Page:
As we look ahead to Veterans Day this weekend, I can’t help but take time to reflect with gratitude on the service and sacrifice of our nation’s finest. I personally stand on the shoulders of giants, as over the last 15 years, it’s been my tremendous honor and privilege to serve our great nation in the U.S. Army. Serving in the military has afforded me incomparable opportunities to work with cross-functional teams to accomplish missions at home and abroad that required intensive planning, proactive communication, and collective teamwork to achieve common goals. This instilled a personal belief at an early age of the importance of teamwork and why every team member needs to value their contributions to quality, and role in the team’s accomplishment of a common purpose or mission.
I believe every U.S. veteran shares these values, and that combined with their unique experience as a servicemember, can be an invaluable asset to any organization. I’m gratified to see that employers across the country largely agree: Veteran unemployment is at a record-low 2.7%, and unemployment for post-9/11 vets has dropped by half over the last six years – now at 5.1%, down from 12.1%. I’m thankful to large companies like Starbucks, Goodyear, and Amazon for helping lead the way in driving veteran recruiting and hiring; according to Hire Our Heroes, vets are now the third-most sought after candidates, only behind women and candidates with advanced degrees.
When I first joined Businessolver over three years ago, I realized I was a part of a special organization where every Solver was afforded the opportunity to deliver truly exceptional, high-quality work that directly enhanced our collective ability to achieve our mission to “grow our business, delight our clients.” I spent several years in my post-Army career at large, Fortune 500 organizations where you can be several layers removed from the overarching mission/purpose. Now, as Businessolver’s Assistant Vice President of Sales Strategy & Enablement, I find the close team environment and culture that we Solvers share is simultaneously challenging and gratifying!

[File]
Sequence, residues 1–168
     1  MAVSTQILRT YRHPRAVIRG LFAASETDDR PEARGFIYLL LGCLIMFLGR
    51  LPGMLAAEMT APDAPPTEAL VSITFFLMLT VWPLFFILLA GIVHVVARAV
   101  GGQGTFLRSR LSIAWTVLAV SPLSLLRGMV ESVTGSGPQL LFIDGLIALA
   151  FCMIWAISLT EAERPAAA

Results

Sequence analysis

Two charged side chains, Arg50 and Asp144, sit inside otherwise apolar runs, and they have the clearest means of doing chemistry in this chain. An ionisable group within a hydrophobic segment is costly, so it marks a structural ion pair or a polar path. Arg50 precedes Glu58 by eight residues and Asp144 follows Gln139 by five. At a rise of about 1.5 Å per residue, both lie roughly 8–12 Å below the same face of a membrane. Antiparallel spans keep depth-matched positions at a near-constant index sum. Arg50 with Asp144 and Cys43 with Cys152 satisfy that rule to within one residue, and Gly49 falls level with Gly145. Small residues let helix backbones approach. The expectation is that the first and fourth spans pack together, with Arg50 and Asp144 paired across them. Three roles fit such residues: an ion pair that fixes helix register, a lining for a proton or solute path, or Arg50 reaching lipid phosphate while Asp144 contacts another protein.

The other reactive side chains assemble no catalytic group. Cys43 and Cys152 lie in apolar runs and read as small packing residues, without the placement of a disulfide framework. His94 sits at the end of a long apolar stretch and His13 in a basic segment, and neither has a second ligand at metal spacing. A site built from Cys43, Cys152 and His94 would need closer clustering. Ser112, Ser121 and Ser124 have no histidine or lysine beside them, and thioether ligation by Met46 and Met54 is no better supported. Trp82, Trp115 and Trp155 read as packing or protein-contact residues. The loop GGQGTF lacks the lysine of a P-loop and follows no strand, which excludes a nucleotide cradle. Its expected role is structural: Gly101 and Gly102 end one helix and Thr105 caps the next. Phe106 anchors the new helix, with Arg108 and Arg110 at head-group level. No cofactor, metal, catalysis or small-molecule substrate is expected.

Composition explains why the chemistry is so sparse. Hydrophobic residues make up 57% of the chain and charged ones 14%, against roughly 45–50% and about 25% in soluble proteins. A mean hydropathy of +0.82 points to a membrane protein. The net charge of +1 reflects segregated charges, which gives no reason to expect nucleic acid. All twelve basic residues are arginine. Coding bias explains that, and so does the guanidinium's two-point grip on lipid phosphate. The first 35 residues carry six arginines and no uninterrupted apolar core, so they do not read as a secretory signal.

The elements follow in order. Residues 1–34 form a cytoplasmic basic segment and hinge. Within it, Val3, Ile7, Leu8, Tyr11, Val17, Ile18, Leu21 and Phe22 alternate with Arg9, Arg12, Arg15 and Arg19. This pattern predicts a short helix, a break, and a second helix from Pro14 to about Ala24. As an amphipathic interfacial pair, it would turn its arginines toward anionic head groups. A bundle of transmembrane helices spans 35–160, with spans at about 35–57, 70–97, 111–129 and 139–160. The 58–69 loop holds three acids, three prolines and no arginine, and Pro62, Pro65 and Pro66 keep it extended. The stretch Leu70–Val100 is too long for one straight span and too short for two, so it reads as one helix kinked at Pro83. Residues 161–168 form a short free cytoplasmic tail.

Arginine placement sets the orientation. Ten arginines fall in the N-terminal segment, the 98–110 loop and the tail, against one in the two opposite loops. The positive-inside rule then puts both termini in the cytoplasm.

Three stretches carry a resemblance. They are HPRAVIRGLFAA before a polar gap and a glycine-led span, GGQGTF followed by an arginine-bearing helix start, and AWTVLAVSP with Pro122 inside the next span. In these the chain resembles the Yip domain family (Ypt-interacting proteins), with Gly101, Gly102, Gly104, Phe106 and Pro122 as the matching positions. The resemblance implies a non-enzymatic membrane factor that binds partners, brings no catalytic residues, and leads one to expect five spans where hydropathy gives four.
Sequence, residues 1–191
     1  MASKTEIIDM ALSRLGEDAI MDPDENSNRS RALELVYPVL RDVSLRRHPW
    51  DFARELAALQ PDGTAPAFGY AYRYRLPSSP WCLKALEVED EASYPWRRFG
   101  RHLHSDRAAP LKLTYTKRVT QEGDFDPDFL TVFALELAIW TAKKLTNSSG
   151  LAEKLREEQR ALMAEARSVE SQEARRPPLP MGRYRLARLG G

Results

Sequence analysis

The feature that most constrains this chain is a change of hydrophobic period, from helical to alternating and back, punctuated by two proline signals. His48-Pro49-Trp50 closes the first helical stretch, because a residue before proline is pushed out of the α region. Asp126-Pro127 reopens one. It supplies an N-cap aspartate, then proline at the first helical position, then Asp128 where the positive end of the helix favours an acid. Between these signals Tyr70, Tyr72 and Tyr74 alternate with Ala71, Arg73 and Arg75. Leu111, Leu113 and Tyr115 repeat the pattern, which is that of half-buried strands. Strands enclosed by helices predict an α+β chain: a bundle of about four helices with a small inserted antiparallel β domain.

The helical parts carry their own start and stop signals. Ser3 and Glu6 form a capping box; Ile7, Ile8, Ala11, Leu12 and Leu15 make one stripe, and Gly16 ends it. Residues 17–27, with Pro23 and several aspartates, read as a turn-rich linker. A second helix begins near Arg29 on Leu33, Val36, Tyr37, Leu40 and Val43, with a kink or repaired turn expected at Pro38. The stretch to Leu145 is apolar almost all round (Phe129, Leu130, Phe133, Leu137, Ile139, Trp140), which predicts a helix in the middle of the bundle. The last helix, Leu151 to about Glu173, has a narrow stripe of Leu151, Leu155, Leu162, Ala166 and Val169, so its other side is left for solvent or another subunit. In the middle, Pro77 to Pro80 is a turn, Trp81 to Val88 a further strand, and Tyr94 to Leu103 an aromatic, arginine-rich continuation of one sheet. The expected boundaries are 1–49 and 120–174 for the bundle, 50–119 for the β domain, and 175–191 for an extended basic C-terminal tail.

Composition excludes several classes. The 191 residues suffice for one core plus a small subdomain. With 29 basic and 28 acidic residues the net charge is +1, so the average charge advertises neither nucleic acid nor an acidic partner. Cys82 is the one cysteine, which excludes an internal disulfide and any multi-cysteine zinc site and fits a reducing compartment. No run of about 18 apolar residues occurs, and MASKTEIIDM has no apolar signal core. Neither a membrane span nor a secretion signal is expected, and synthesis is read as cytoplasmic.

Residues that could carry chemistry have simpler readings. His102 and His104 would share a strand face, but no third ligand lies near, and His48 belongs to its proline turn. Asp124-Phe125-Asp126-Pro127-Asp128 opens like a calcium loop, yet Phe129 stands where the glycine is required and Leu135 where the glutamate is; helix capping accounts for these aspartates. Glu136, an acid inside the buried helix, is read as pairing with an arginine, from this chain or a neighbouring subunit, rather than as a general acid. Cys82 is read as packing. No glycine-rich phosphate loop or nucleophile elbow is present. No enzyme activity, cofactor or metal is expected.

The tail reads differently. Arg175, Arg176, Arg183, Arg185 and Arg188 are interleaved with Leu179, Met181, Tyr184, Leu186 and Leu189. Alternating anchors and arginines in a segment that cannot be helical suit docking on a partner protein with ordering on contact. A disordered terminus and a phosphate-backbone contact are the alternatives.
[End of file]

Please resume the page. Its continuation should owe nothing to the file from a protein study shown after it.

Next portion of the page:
To keep the momentum in veteran hiring – and make gains in resolving the sometimes hidden problem of veteran underemployment – I offer civilian employers three tips:
Highlight the mission
If there’s one thing vets know, it’s how to accomplish a mission. Any civilian employer seeking to recruit or hire military veterans, highlighting the organization’s mission and how their individual/team contributions will further the achievement of that mission is very motivating and resonates well with many of the military types I’ve served with.
Channel their skills
Additionally, seeking opportunities to help veterans translate the work they did while in the military to applicable civilian skill-sets can result in increased engagement, productivity and retention of ex-military personnel. It’s important to get this right up front. Veterans may not immediately know how their military experience transfers to the civilian working world, so using assessment tools to draw out their strengths can be a valuable recruiting practice. Businessolver uses the Gallup Strengths Finder, and it’s incredibly useful.
Provide a framework with freedom
Military personnel like a structured framework, but don’t be afraid to allow them to think outside of the box on a project or task; a common saying in the military is, “Tell your people what needs to be done, but don’t tell them how to specifically do it.”
When followed, this often produces great and surprising results from veterans accustomed to needing to think on their feet quickly to accomplish complicated missions, and under harsh circumstances. I don’t think there’s any organization that couldn’t use more employees like that.